Back in July, I gave a somewhat eventful Marlowe&Shakespeare talk for a local club, and then another in August, as part of a cycle of four. Of the other two talks, the first I heard and liked, the other I missed, because I was in London. Apart from a rather adventurous start, I had a good time with my talks – and never thought about them again, until last week.
Last week, I heard from people who knew other people who attended the fourth talk, that the speaker – a college teacher I never met – cited me as someone who will speak about English literature without being qualified to do so…
My first reaction was of fury, the second of some disbelief. Not that I had any reason to doubt my source, but it seemed such a nasty and unwarranted thing to say… And I rather doubt the lady in question had heard my talks: what could she possibly have against me? Moreover, we all know how stories blossom and swell from mouth to mouth, don’t we? So I checked my fury and set out to discover what had really happened.
After a miss or two, I ended up asking the lady who presides over the venue – a beautiful Fifteenth Century town house with a perfect little Renaissance garden. I told her I’d heard so and so, and didn’t want to believe it, but my curiosity was roused…
Being very nice, Mrs. R. hesitated a little, but in the end gave me the whole story – only, I suspect, slightly edited.
It seems that, due to a series of chance circumstances, the club’s website was left sporting my picture well after the date of my last talk. unfortunately, the college teacher noticed this, and called in a passion, to give Mrs. R. a piece of her mind, and announce she was calling off her talk. Mrs. R. apologised profusely, hastened to edit the relevant page, and spent a couple of weeks smoothing the lady’s ruffled feathers.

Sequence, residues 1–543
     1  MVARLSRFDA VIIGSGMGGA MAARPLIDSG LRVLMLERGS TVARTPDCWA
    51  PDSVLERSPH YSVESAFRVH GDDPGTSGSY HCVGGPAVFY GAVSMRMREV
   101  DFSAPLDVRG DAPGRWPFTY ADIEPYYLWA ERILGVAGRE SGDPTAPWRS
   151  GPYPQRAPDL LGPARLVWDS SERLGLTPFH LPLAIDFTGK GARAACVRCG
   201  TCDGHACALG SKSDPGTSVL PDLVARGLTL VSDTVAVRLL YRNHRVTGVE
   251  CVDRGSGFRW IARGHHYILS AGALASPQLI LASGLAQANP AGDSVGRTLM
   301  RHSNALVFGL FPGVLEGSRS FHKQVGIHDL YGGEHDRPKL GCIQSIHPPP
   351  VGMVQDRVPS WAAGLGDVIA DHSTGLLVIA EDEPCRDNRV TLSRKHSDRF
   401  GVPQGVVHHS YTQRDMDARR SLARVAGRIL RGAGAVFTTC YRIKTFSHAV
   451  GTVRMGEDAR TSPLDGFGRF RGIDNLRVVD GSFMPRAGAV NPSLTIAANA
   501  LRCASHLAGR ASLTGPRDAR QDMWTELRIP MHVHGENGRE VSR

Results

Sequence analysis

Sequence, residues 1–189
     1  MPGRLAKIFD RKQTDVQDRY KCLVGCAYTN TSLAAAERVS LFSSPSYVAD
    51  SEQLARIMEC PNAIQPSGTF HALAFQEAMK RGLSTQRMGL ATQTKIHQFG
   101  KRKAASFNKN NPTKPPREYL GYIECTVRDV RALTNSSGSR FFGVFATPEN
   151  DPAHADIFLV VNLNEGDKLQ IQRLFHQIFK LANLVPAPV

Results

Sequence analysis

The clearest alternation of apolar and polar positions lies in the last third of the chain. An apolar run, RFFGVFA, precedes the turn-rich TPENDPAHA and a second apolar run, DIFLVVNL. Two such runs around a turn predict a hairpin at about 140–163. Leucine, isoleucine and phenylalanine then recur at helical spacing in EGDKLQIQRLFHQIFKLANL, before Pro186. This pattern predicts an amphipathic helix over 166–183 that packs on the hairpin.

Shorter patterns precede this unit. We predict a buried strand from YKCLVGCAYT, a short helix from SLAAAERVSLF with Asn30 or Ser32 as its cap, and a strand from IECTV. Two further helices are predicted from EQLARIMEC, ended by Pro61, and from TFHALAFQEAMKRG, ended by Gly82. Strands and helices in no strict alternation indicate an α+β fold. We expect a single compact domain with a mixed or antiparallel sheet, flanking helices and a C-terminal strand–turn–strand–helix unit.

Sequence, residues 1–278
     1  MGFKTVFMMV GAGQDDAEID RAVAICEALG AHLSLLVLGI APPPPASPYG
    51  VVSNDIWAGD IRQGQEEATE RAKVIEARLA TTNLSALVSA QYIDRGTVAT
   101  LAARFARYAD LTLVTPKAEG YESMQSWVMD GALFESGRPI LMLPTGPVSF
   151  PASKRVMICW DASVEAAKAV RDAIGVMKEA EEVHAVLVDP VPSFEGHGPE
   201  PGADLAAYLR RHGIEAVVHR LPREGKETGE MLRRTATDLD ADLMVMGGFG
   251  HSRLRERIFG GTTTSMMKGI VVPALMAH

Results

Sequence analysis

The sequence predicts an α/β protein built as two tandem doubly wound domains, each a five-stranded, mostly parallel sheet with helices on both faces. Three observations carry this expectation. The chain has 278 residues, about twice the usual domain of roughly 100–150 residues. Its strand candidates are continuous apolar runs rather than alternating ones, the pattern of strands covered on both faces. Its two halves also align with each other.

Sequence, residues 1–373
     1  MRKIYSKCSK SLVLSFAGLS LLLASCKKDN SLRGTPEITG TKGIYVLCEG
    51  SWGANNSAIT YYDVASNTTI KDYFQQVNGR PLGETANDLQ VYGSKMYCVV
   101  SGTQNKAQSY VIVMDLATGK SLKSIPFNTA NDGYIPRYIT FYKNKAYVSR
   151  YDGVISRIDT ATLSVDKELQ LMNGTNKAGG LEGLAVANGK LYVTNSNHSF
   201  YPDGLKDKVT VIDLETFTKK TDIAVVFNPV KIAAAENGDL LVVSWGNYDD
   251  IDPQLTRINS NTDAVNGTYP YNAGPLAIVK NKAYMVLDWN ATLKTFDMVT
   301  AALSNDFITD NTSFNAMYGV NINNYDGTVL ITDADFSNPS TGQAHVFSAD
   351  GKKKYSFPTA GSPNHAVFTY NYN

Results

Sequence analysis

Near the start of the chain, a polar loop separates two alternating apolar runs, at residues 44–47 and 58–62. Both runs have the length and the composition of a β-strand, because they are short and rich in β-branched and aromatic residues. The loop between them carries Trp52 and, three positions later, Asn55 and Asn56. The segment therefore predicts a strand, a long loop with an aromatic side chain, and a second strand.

In the end, the Enraged One relented, and condescended to give her talk. So, on the appointed evening, she arrived, and prepared to dazzle the audience. Alas, who must meet her almost on the garden door, but the red-headed, Donne-loving, generally obnoxious Conference Loon? And of all the things she could have said, the Loon chose to ask why, why, oh why couldn’t the visiting lady give a joint talk with Clara Giuliani about John Donne?
Here I suspect a first bout of unpleasantness – because Mrs. R. skirted around the answer and cut to the talk itself, during which, it seems, the lady saw it fit to be “scornful and sarcastic” about the two previous talks. My talks. Again, Mrs. R. claims to not remember what she said, but really, nothing “scornful and sarcastic” can have been very nice, can it?
Mrs. R. was horrified, many members of the audience were not amused, and the lady must have thought herself revenged for the (entirely unintentional) web-slight. End of the story.
So, am I furious after all?
Well, not overly so. Not that it is any fun to be called incompetent in public, but the fact is that incompetent I am not. I may not have a degree in English literature, but I’m good at what I do – and that night’s audience, having heard me before, knew it. Enough that, it seems, many of them didn’t like the stab at my poor and absent self. All else apart, it is not done: you don’t go around badmouthing other speakers before an audience – much less within a same cycle of conferences… So, the excitable lady cut a poor figure for no real reason, and I rather doubt she did anything irretrievable to my reputation.
I’ll hardly develop friendly feelings towards her for this – but really, in the end, it was all so petty, it isn’t even worth getting angry, is it?